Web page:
When Microsoft announced the Surface there was a lot of expectation of the market. Since I got mine, almost every time I send an email with the signature “Sent from my Surface RT” or every time I use it in a group setting, I get asked about it – they have the market’s attention, or at least curiosity.
The device is not perfect. No device is. Even the iPad 4 has its own share of limitations and bugs. I love mine and I think it is a much more complete and usable device than the iPad. But this post is not about my opinion aout the device, which you can read here on Quora. My observation is that every Surface user I have heard from has generally the same reaction: “Compared to the Surface, the iPad is a toy.” or “Since I got my Surface, my iPad is in a drawer”. The point is not to say the device is better – every customer has to make that decision on its own. The point is that Microsoft has a real fighting chance.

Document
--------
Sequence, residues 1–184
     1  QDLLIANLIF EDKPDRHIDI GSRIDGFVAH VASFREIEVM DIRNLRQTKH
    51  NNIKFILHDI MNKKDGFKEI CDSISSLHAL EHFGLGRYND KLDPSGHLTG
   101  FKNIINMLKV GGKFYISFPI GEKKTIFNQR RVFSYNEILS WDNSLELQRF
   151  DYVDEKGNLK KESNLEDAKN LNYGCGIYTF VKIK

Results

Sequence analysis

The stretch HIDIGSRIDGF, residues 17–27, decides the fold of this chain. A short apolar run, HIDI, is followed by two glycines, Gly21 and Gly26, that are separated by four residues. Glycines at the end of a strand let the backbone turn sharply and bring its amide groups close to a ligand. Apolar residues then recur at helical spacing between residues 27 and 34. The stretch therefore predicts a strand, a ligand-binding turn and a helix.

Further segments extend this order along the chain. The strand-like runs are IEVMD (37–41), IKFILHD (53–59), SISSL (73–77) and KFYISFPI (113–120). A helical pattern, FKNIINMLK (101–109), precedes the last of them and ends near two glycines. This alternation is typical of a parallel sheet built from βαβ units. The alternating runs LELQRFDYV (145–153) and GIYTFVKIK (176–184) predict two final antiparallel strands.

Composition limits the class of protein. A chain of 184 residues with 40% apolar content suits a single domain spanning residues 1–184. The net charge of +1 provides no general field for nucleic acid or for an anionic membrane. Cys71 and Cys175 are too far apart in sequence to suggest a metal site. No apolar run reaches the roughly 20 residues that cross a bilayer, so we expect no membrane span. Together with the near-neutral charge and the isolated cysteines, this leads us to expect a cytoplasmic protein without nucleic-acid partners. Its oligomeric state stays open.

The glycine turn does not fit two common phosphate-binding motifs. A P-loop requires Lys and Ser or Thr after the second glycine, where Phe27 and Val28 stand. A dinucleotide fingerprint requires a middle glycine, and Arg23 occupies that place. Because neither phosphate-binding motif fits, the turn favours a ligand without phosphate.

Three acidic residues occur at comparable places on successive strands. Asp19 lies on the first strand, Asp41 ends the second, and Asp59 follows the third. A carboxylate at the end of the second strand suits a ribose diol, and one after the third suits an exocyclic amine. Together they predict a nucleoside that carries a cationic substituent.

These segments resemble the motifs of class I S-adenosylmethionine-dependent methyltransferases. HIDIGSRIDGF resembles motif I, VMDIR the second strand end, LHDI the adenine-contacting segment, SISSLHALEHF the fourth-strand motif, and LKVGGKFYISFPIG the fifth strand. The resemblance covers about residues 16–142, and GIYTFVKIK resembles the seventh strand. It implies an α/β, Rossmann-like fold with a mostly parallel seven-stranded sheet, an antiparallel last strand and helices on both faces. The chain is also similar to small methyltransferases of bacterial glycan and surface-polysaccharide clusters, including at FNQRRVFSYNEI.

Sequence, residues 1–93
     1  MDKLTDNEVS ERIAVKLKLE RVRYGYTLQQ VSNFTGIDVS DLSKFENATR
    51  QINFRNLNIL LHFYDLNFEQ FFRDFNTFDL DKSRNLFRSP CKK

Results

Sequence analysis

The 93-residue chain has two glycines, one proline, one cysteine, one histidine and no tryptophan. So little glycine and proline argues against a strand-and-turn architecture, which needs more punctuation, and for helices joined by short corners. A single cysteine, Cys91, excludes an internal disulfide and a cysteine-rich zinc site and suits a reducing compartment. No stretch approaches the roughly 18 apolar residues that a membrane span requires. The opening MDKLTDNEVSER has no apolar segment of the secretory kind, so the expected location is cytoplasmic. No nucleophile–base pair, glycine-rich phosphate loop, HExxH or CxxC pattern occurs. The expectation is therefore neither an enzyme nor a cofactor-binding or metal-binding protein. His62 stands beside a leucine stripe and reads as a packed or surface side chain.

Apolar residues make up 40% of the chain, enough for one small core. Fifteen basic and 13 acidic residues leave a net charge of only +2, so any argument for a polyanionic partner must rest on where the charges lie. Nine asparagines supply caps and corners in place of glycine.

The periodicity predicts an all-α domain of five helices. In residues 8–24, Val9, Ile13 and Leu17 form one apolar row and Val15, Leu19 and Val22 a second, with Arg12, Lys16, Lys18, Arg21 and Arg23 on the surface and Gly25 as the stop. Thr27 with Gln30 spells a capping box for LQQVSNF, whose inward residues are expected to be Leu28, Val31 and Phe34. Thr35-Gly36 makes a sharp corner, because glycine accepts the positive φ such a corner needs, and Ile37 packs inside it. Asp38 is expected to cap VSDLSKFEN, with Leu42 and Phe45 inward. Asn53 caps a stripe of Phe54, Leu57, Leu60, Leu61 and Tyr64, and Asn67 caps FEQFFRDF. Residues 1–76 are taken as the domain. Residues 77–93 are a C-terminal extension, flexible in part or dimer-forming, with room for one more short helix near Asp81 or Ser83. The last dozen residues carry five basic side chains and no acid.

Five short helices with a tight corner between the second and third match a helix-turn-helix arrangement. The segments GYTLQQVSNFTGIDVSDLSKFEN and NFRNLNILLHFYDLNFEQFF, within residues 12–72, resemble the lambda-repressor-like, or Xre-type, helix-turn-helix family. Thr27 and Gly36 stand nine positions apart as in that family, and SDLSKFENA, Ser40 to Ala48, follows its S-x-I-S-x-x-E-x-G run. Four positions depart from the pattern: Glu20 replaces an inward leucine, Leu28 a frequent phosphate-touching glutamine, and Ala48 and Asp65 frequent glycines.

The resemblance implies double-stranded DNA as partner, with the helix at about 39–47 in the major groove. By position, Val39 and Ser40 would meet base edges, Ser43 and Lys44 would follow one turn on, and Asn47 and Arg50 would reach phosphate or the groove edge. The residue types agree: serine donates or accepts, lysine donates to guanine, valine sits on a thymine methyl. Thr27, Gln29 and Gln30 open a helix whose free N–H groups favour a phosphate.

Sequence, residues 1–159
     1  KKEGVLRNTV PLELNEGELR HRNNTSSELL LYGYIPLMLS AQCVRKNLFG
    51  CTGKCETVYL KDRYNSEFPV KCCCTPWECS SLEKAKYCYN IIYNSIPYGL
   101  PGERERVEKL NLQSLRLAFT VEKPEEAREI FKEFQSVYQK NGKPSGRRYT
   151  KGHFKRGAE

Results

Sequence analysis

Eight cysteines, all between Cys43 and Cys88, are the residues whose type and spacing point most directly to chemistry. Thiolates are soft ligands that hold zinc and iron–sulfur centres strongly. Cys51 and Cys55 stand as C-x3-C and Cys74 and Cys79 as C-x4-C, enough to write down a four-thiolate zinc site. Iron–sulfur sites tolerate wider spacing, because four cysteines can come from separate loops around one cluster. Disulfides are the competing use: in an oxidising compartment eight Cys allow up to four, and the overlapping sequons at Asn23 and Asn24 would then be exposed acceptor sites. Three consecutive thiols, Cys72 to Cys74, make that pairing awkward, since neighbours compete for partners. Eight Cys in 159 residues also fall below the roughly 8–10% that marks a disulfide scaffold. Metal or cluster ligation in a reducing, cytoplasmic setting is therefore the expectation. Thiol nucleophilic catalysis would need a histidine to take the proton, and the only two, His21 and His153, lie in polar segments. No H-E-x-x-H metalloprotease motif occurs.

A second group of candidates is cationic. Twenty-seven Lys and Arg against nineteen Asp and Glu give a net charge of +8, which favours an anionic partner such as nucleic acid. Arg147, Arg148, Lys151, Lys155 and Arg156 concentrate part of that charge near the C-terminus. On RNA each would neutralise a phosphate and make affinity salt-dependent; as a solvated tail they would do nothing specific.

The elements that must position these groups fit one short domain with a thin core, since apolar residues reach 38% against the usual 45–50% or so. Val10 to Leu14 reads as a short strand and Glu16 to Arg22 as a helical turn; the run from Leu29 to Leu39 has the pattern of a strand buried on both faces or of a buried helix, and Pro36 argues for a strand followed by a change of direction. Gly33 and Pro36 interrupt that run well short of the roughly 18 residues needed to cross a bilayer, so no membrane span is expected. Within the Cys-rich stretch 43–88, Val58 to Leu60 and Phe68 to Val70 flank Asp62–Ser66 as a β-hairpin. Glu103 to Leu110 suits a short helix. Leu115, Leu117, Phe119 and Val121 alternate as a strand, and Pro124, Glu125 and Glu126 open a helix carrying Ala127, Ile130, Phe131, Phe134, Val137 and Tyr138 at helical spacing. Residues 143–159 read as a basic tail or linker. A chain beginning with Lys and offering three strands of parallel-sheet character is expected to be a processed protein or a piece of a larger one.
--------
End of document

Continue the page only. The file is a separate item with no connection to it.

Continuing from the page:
The device launched just in time for the Holiday season. It still did OK, in my opinion, selling a million units in its launch month against 14 million units sold by Apple. Yet the opporuntity was much larger. The problem (or a problem) is that a 32Gb iPad costs exactly the same, $499. This forces buyers to make a concious decision of buying the Surface versus the iPad. Here is the opportunity:
What would have happened it Microsoft had launched the Surface at a price of $275?
There would be no comparison against an iPad at $499. It would make the competitive decision much easier for customers who were not already sold on iPad. A large chunk of the market made of people who don’t want to spend $499 for a tablet wuld probably jump in. It would be a no-brainer compared to a 16Gb iPad mini at $329.